athlete_readiness.jpg

The autonomic nervous system has two subdivisions; the sympathetic and parasympathetic:

  • The sympathetic nervous system is involved in the fight or flight response you feel during a big game or in a stressful situation.
  • The para-sympathetic nervous system comes into play during rest. This system takes over when a person starts slowing things down to calm the world.

All of these systems work together to assist you in your daily activities, but problems arise when we start to favor or cheat one system to advance our own needs.

For example, athletes, and most people on the planet, don’t sleep and calm things down nearly enough. So the para-sympathetic nervous system never gets a chance to take over. Stimulants like coffee, ephedrine and energy drinks allow us to tap into our sympathetic nervous system and stay in a constant fight or flight state. The result is an over-taxed sympathetic nervous system and under utilized para-sympathetic nervous system which can lead to fatigue and poor training.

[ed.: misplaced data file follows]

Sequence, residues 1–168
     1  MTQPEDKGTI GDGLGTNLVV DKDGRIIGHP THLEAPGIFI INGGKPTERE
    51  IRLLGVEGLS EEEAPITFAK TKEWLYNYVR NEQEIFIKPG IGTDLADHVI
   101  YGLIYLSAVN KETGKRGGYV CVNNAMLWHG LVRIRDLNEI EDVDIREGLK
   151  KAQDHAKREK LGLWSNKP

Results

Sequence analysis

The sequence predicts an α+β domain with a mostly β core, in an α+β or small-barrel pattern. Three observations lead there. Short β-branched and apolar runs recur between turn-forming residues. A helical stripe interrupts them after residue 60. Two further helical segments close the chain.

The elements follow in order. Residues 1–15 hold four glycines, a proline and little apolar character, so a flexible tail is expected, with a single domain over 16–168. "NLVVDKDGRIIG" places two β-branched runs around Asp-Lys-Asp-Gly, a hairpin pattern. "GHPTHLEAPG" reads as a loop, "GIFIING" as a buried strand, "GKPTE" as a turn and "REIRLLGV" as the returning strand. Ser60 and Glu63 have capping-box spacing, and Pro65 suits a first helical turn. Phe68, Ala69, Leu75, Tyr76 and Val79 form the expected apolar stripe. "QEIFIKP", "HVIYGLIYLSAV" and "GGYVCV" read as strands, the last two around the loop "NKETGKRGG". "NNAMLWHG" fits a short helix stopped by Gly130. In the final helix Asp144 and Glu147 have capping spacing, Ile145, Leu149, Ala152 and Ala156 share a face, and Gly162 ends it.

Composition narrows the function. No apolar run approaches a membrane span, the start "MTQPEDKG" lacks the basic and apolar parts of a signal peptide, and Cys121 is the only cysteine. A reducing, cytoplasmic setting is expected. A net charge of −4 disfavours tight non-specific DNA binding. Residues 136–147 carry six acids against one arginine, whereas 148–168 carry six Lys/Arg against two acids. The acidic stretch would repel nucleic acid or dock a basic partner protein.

athlete-readiness-facebook_1.png

The balancing of the autonomic nervous system becomes vital for athletic performance as an athlete has to “get up” for competition to do their best but then return to a state of relaxation once away from the competition to begin the recovery process.

A Dead Simple Way To Measure Athlete Readiness

Today there are many methods available to measure these systems like BioForce HRV and Omegawave.  These programs take measurements via different methods to assess an athlete’s recovery to recommend appropriate training volumes and intensities.